19:17 GMT16 June 2021
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    The second and much more lethal COVID-19 wave, which swept through India in April and early May, is believed to be abating as the number of people getting infected or dying has been declining in recent days. The country has recorded a total of 211,298 new COVID-19-positive cases and 3,847 deaths over the past 24 hours.

    With the second wave of the coronavirus diminishing in India, the markets are flooded with a wide range of drugs claiming to be effective against the contagious disease. 

    From preventive to therapeutic treatments, Indians are now spoiled for choice as more and more anti-COVID-19 medicines enter commercial markets. This is in stark contrast to the limited choices Indians had during the first coronavirus wave last year. 

    On 24 May, drug majors Roche India and Cipla announced the launch of Roche's Antibody Cocktail priced at INR 59,750 ($822). It is for treatment of mild to moderate COVID-19 in patients who are at high risk.

    In a joint statement, Cipla and Roche said that the first batch of the Antibody Cocktail is now available in India and the second batch will be available in June. “In total, they can potentially benefit 200,000 patients, as each of the 100,000 packs available will offer treatment for two patients".

    Mid-June will witness the country’s first and domestically developed anti-COVID drug – 2DG – to be available in the market for commercial use.

    The drug was developed by the Institute of Nuclear Medicine and Allied Sciences in collaboration with Dr Reddy's Laboratories, a pharma company based out of Hyderabad city. It is in powder form, available in a sachet, and can be taken orally by dissolving in water.

    The drug was recently launched by Indian Defence Minister Rajnath Singh and has so far been distributed in Delhi hospitals for treating COVID-19 patients.

    Talking to Sputnik, Rajesh Tripathi, an expert and adviser in the pharmaceutical sector, said: "In April, when the second wave of coronavirus turned lethal in India, anti-viral drug Favipiravir rocketed to the rank of the largest selling pharma brand for the first time ever in the domestic retail market. It was marketed by the Mumbai-based Glenmark".

    “Though the drug' efficacy has been under a cloud in India, it is still being widely prescribed and used widely in COVID-19 therapy across the country", he said.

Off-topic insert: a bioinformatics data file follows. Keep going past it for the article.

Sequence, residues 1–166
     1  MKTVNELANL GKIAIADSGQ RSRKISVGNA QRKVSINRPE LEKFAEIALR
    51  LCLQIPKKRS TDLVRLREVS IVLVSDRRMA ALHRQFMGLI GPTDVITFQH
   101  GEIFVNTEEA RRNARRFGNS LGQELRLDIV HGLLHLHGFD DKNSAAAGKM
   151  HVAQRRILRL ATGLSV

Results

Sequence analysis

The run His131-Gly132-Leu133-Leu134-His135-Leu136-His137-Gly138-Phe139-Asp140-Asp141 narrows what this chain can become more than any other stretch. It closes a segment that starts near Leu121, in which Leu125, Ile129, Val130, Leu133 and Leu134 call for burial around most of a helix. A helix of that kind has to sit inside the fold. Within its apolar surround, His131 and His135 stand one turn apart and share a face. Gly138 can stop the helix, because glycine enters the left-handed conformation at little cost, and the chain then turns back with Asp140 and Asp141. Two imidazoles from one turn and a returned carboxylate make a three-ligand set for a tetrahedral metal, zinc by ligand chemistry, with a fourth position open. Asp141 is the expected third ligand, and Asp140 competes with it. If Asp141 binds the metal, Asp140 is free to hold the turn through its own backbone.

He shared that the Indian market right now is seeing a large number of options available for treatment of the virus – and it is not just about vaccines and therapeutic medicines.

    “There is a huge boom in the pharma sector dealing with immunity boosters. It is bewildering how many options are being given to the Indian customer. The doctors too are profusely recommending use of immunity boosters", Tripathi stated. 

    With the pharmaceutical sector booming amid the pandemic, the demand for coronavirus vaccines has gone up phenomenally.

    From two options available a year ago, AstraZeneca's Covishield, manufactured by the Serum Institute of India (SII), and Bharat Biotech's Covaxin, Indian authorities have stepped up efforts to introduce many more in the market.

    A few more domestic vaccines, including ones made by Biological E (manufacturing the Johnson and Johnson vaccine for the US) and Gennova, are in the pipeline. They are expected to receive clearances by next month. 

    Russia's vaccine – Sputnik V – has also hit the Indian market and there are hopes of it becoming part of the government vaccination drives.

    With the Russian Direct Investment Fund (RDIF) and Panacea Biotech, having launched the production of Sputnik V in India, 100 million doses of the vaccine are expected to be produced per year. 

    India’s federal government is in talks with US pharma company Moderna, which is expected to launch a single-dose COVID-19 vaccine in India next year. 

    Indian Ayurvedic Anti-COVID-19 Treatment Flourishes

    Patanjali Ayurved, India's largest pharma company selling products based on ancient Indian knowledge of medicine and that extensively uses herbs for treatment, was the first to come out with a treatment against COVID-19 in June last year. 

    Its brand product, Coronil, has been in great use in India, although questions have been raised about its efficacy by allopathic doctors.

    Last year, the federal government said the drug cannot be marketed as a cure, and its manufacturing company needed to market it as an immunity booster.

    However, it is regarded by many people as an effective measure against the deadly virus. On 25 May, the state government of Haryana announced that 100,000 Coronil kits would be distributed amongst coronavirus patients free of cost across the state.



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